Cost of poor quality
Price of Conformance
Price of non-conformance
Depreciation/Straight-line depreciation = Asset cost/Useful life
Double declining balance = 2x((Asset cost – Accumulated depreciation)/Useful life)
Rough Order of Magnitude (ROM) -25% to +75%
Budget Estimate -10% to +25%
DefinitiveEstimates -5% to +10%
Remember, RETURN = Net Income Before Tax (NIBT) *or* Net Income After Tax (NIAT); & ON means ‘/’
Return on Sales, ROS = NI*T/Total Sales
Return on Assets, ROA = NI*T/Total Assets
Retrun on Investment, ROI = NI*T/Total Investment
Working Capital = Current Assets – Current Liabilities
Discounted cashflow = Cashflow * Discount factor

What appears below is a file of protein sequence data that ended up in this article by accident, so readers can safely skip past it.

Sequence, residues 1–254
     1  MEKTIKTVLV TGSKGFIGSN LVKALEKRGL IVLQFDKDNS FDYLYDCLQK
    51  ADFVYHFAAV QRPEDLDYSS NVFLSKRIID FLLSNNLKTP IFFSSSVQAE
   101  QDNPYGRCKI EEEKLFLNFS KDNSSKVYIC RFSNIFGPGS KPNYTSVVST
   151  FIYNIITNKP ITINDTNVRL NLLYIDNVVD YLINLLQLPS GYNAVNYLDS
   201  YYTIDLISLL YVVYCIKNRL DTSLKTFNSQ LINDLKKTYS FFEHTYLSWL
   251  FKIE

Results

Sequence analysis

Contract related formulas
Savings = Target cost – Actual cost
Bonus = Savings*Percentage
Contract cost = Bonus+Fees
Total cost = Actual cost + Contract cost
Point of total assumption
PTA = [(Ceiling Price – Target Price)/Buyer’s Share Ratio] + Target Cost
Cost to buy = Initial cost + [#months * (monthly maintenance costs)] lifecycle cost = total cost + maintenance and support cost for lifetime of product
1 sigma = 68.26%
2 sigma = 95.46%
3 sigma = 99.73%
6 sigma = 99.999%
1 SD = 1 sigma
What Five Strategic Considerations may result in authorization of a project? (MOCkTaiLS – MOCTLS)
EVA = Net Operating Profit After Tax – Cost of Capital (Revenue – Op. Exp – Taxes) – (Investment Capital X % Cost of Capital)
EVA: Economic Value Add Benefit Measurement – Bigger is better
Source Selection = (Weightage X Price) + (Weightage X Quality)
Types of powers of PM:
Maslow’s hierarchy of needs
McGregor Theory X, Y; / Z(assurance of permanent job position)
McClelland’s Need Theory
Victor Vroom Expectance theory
Peter Principle=Halo effect
range of variance on a budgetary estimate can be from -10% to +25%.